ENTOURAGE project among the winners in the German Federal Ministry for Economic Affairs and Energy’s Smart Service World competition
ENTOURAGE, an interdisciplinary project involving Fraunhofer IAO, has succeeded in attracting funding from the German Federal Ministry for Economic Affairs and Energy (BMWi) through its Smart Service World technology competition. ENTOURAGE is one of 16 successful projects selected from among 130 entries. Over the next three years it will seek to build a bridge connecting the Internet of Things with smart assistance systems.
ENTOURAGE provides a hub for data and services.
© Fraunhofer IAO
The Internet of Things connects things, products and services. It relies on a wide variety of data supplied by sensors such as traffic monitors, weather stations, thermostats or GPS navigation devices, and by other sources such as timetable information services.
Smart services transform all of this data into tailored solutions – but so far there is no established, open way to connect data and services easily. However, that’s precisely what’s needed for smart assistants, which filter, aggregate, and process data from a variety of sources to make it easily accessible to the user and are even capable of making autonomous decisions within the boundaries of pre-defined user preferences.
Ecosystem for smart assistance systems
To fill this gap, the partners in the project “ENTOURAGE – Smart Assistance – Enabling Trusted Ubiquitous Assistance” are developing and testing an open ecosystem to support smart, secure, and reliable assistance systems in the Internet of Things. ENTOURAGE provides a hub for data and services, functioning as the link between IoT-platforms and services. It unites technical, organizational, and legal components, and lays the groundwork for innovative, open assistance systems. The BMWi is funding the project as part of its Smart Service World program.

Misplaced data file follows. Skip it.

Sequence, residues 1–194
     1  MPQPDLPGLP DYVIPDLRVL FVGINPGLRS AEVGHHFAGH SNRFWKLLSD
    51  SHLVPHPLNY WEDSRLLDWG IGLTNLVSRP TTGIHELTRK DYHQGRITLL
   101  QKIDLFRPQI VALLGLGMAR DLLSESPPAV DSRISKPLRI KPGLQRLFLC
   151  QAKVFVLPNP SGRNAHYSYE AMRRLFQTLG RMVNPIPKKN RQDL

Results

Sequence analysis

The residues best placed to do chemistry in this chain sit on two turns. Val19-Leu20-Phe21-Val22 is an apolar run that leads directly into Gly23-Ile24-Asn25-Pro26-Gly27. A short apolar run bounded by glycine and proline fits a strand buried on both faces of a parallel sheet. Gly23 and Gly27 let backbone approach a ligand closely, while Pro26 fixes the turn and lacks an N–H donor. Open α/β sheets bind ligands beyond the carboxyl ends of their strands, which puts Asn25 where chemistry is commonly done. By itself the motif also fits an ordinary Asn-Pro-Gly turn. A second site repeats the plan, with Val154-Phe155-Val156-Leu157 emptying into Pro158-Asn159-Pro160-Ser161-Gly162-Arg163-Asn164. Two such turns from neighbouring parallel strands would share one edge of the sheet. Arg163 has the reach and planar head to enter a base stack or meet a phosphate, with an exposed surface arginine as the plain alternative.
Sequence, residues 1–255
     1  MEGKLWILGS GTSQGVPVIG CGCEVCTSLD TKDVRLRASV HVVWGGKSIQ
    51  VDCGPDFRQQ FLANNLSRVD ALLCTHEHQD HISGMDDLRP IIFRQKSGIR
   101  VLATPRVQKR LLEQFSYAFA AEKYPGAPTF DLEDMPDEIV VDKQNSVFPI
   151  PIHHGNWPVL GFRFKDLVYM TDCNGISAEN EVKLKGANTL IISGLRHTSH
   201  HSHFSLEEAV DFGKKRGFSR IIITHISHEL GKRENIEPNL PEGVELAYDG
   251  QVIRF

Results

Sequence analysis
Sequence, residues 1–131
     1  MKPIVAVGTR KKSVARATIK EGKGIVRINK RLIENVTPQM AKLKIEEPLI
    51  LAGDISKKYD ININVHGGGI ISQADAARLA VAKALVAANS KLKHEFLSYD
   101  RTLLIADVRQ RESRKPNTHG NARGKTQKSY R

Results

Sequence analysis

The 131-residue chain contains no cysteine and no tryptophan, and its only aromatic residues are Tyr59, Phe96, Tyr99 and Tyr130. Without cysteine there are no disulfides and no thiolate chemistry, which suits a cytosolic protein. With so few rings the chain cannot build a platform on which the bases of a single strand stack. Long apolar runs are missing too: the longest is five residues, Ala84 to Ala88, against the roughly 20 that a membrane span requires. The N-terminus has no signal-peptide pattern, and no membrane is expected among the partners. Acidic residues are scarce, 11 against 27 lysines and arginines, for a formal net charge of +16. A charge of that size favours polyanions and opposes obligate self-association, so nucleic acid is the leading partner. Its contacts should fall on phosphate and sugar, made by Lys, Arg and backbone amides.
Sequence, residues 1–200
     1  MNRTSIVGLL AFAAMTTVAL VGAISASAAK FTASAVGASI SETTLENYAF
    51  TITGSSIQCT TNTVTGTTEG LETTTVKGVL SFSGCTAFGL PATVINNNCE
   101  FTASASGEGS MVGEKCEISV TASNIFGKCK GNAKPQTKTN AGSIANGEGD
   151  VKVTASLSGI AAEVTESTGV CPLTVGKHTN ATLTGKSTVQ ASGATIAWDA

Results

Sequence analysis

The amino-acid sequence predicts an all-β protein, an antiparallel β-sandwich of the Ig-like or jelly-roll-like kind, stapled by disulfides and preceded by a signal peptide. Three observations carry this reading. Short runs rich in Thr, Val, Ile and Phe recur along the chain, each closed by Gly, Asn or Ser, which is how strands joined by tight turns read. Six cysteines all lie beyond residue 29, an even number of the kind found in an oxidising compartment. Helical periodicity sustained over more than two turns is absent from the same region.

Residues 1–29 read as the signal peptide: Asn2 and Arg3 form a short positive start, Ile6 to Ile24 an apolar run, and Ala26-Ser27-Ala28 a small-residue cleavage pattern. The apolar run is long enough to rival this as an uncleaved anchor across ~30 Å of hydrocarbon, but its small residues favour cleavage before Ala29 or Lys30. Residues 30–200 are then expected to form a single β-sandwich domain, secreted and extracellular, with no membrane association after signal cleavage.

“The nub of the problem is that all the various data sources supply their data in different ways. That leaves providers of assistance systems with the challenge of how to accommodate each data source individually – making it much harder to develop smart assistants that can provide intelligent support by combining all sorts of different information,” explains Dr. Michael Kubach, project manager for ENTOURAGE at Fraunhofer IAO.
The hub developed as part of the project is designed to act as the intermediary between the various data formats and services, allowing assistance systems to easily make use of and respond to data from a range of sources. “This new approach overcomes market barriers and paves the way for cross-application and cross-manufacturer smart service solutions. It’s an extremely promising area, especially for small and medium-sized enterprises both in Germany and across Europe,” forecasts Kubach.
Fraunhofer IAO analyzes and develops business models
Fraunhofer IAO’s main focus in ENTOURAGE is on analyzing and developing business models. “We’re also contributing our usability expertise, to make sure that security doesn’t conflict with user-friendliness,” Kubach says.